Also, the fact that such large parts of the book are devoted to careful readings of a few select works takes away the momentum and sense of scale promised in the introduction and initial chapters. The importance of the featured creators is incontrovertible, and the issues Hatfield raises in his readings have been important to the development of alternative comics, but he seems reluctant to step back and diagnose larger trends or to exemplify them more broadly. This shortcoming is most apparent in the final chapter, which ostensibly joins the threads spun through the book and makes prognostications, but ends up getting lost in discussions of format that are no doubt important, but occlude the more pressing social and aesthetic discussion that at least this reader was hoping for.

Ultimately, the book reads like a reworked Ph. D. dissertation supplemented by disparate articles and conference papers—which I gather is what it is. It never satisfyingly coheres or expands in accordance with its promise. Since its publication, however, Bart Beaty has helpfully released his more tightly organized Unpopular Culture – Transforming the European Comic Book in the 1990s (2007), which despite its selective European focus does much to make up for the lack of a (roughly) contemporary critical history of comics’ new wave. And in any case, Alternative Comics contains such a profusion of illuminating analysis and compelling argument that it would be a mistake to dismiss for not being a different book than it is.

An obvious starting point for a critique of Hatfield’s book is its refreshingly trenchant and intelligently modulated, but also problematic casting of alternative comics as a ‘literature.’ I will refrain from debating the fundamentals of this issue, since Hatfield and Beaty have already discussed it in detail elsewhere, but I would like to point to some of its discontents as they manifest themselves in Alternative Comics.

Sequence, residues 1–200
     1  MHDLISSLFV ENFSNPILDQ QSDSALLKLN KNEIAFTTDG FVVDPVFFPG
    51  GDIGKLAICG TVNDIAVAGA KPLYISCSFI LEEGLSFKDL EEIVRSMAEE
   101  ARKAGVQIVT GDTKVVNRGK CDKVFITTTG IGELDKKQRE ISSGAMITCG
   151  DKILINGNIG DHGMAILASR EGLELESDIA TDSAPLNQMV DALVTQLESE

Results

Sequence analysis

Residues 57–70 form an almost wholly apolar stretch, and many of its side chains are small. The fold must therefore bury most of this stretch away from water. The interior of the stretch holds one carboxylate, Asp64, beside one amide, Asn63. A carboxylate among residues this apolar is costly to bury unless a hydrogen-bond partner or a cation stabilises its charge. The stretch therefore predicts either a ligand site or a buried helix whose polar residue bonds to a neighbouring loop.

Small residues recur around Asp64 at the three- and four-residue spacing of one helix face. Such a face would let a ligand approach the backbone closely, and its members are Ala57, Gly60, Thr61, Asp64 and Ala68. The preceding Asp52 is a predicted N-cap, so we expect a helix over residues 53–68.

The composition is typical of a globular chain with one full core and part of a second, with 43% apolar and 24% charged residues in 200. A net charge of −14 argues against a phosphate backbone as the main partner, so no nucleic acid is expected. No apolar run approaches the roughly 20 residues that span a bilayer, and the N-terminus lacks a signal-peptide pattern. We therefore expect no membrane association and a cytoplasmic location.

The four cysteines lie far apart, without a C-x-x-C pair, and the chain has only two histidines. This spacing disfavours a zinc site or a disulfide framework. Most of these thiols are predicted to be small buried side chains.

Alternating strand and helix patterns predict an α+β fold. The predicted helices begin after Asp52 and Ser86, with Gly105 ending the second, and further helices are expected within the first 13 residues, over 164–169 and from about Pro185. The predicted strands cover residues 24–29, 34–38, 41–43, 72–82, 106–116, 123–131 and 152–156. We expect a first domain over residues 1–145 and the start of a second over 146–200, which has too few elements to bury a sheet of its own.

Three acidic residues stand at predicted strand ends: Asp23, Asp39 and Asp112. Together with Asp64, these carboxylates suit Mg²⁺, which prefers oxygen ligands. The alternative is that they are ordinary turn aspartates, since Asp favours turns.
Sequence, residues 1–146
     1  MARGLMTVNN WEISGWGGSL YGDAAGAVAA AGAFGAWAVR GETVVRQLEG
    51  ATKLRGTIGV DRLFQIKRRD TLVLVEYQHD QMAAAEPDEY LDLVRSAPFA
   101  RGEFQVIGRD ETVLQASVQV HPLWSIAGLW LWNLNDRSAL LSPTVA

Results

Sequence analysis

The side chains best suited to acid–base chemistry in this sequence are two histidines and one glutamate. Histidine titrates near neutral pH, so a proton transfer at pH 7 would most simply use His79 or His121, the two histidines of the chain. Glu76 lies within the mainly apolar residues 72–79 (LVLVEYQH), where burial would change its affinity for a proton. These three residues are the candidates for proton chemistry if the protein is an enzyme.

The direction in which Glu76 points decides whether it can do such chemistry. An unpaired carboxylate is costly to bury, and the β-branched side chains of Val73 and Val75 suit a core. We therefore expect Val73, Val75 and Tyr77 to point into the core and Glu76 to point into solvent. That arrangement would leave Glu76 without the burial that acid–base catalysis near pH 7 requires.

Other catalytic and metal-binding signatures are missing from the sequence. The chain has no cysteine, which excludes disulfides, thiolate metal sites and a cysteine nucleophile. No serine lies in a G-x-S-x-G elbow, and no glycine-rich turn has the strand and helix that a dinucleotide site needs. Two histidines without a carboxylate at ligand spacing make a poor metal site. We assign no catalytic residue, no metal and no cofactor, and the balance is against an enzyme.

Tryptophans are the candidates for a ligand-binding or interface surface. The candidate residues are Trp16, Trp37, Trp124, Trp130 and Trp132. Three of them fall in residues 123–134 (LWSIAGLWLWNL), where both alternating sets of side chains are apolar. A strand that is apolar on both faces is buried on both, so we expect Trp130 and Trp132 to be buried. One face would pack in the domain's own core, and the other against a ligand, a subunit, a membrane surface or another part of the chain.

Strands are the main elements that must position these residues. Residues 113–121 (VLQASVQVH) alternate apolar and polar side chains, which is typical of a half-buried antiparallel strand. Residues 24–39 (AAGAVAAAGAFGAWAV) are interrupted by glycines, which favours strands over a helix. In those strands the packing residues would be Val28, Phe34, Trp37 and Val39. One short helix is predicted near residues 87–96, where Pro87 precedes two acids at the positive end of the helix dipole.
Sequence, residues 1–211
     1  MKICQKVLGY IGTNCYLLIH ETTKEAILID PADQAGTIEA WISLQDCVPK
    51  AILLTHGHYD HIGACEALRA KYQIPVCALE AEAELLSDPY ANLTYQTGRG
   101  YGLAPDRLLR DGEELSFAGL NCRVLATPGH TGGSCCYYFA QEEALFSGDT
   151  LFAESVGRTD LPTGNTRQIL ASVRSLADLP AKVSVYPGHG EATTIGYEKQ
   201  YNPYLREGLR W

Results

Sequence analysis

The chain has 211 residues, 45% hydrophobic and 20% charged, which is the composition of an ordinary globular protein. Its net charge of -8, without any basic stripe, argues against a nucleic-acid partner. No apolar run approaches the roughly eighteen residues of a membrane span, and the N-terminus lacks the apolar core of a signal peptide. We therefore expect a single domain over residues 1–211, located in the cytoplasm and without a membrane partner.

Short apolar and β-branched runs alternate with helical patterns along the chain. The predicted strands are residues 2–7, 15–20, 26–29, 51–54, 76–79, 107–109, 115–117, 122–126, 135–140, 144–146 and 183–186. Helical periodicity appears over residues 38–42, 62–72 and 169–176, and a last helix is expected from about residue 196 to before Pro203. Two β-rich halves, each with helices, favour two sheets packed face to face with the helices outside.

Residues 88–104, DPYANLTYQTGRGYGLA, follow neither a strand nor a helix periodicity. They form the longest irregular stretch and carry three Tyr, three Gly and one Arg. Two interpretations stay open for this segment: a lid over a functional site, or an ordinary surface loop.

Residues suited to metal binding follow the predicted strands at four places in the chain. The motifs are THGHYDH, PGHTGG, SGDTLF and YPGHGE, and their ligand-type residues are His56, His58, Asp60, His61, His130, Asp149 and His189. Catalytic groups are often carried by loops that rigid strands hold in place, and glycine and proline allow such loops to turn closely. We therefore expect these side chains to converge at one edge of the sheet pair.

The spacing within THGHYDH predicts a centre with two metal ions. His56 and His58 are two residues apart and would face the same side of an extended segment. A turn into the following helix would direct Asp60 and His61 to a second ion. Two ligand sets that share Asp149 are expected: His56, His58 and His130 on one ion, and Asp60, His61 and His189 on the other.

Longtime HU readers will not be surprised at this, but it is my distinct impression that Hatfield’s literary point of departure blinkers him somewhat to the visual nature of comics. He is very sensitive to the medium as a narrative form, and to how both plot and character unfold sequentially in comics, but less to questions of how individual images work. In his elaborate chapter on Hernandez, for example, he emphasizes the artist’s “approach to drawing characters, which, though broadly stylized, nonetheless captures subtle nuances of expression and body language”, along with his panel compositions and transitions. But in his subsequent analysis Hatfield pays attention mainly to the latter, while composition is considered only fairly briefly, using basic cinematographic terminology, and style and graphic expression hardly discussed at all. Reading this lengthy and insightful essay on Hernandez’ work, the reader may be forgiven for forgetting repeatedly that she is reading about comics, not prose fiction.